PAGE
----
Evaluating qualitative research
- William B Stiles, PhD
- Department of Psychology Miami University Oxford, Ohio, USA
- Please address correspondence to William B. Stiles, Department of Psychology, Miami University, Oxford, OH 45056, USA. Email .
Qualitative research, like all scientific research, consists of comparing ideas with observations. In good research, the ideas are thereby changed—strengthened, weakened, qualified, or elaborated. Criteria for evaluating qualitative research focus both on the process and on the product—that is, on the research methods that are used and on the changed ideas themselves (the interpretation).
Many qualitative investigators explicitly reject the possibility of absolute objectivity and truth. The concept of objectivity is replaced by the concept of permeability, the capacity of understanding to be changed by encounters with observations. Investigators argue that we cannot view reality from outside of our own frame of reference. Instead, good practice in research seeks to ensure that understanding is permeated by observation. Investigator bias can be reframed as impermeability (interpretations not permeated by empirical observations). Good practice in reporting seeks to show readers how understanding has been changed. The traditional goal of truth of statements is replaced by the goal of understanding by people. Thus, the validity of an interpretation is always in relation to some person, and criteria for assessing validity depend on who that person is (eg, reader, investigator, research participant).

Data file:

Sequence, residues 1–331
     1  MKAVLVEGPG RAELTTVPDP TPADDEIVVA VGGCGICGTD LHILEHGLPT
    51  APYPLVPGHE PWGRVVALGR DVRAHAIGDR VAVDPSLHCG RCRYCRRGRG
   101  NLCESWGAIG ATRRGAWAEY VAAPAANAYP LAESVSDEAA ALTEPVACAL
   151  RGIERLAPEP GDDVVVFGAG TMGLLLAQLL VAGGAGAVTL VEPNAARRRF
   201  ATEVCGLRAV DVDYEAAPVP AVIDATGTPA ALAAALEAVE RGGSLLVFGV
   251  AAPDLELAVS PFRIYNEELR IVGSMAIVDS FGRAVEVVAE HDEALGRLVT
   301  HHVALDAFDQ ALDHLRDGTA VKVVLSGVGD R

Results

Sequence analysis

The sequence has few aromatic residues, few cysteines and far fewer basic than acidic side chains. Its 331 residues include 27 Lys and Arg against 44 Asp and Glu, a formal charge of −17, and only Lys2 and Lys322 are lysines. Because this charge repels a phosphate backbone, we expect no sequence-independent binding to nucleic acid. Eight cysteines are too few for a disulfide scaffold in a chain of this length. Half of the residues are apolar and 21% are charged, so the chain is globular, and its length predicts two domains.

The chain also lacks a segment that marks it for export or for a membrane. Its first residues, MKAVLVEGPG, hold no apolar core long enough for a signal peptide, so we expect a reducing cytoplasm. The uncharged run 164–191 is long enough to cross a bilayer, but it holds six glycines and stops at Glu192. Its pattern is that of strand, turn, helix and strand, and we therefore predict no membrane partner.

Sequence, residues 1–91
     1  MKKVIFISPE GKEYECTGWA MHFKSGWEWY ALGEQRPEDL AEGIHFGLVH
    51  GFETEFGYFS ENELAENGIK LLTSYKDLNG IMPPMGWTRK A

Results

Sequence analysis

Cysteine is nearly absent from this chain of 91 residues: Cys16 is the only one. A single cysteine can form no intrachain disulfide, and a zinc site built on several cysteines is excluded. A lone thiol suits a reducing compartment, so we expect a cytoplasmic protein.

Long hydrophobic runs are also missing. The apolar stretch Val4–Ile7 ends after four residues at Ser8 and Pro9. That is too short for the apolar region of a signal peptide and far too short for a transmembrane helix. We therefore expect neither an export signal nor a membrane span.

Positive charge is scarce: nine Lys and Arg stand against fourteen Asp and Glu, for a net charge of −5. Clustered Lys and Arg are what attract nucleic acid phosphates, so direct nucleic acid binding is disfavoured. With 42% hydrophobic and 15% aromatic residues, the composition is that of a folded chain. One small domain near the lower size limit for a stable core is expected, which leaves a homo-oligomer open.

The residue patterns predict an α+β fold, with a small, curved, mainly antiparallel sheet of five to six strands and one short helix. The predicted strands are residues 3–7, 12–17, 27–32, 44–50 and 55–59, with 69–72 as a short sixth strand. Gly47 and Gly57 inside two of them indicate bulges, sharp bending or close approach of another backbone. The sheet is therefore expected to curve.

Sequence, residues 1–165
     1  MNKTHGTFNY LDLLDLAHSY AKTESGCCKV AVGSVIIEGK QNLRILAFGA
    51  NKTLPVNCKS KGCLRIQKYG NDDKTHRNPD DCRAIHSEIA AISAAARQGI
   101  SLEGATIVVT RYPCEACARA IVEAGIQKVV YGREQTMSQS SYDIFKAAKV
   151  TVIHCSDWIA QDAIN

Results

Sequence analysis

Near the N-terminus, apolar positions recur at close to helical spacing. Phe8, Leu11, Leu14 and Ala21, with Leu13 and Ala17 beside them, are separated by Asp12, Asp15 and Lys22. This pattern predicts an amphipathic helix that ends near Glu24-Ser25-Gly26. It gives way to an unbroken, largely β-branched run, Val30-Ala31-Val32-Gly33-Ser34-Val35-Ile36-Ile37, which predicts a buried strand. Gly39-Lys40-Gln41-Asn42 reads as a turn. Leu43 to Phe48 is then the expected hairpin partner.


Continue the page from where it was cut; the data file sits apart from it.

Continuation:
Qualitative research differs from traditional quantitative research on human experience in several ways. Results are typically reported in words rather than primarily in numbers. This may take the form of narratives (eg, case studies) and typically includes a rich array of descriptive terms, rather than focusing on a few common dimensions or scales. Investigators use their (imperfect) empathic understanding of participants' inner experiences as data. Events are understood and reported in their unique context. Materials may be chosen for study because they are good examples rather than because they are representative of some larger population. Sample size and composition may be informed by emerging results (eg, cases chosen to fill …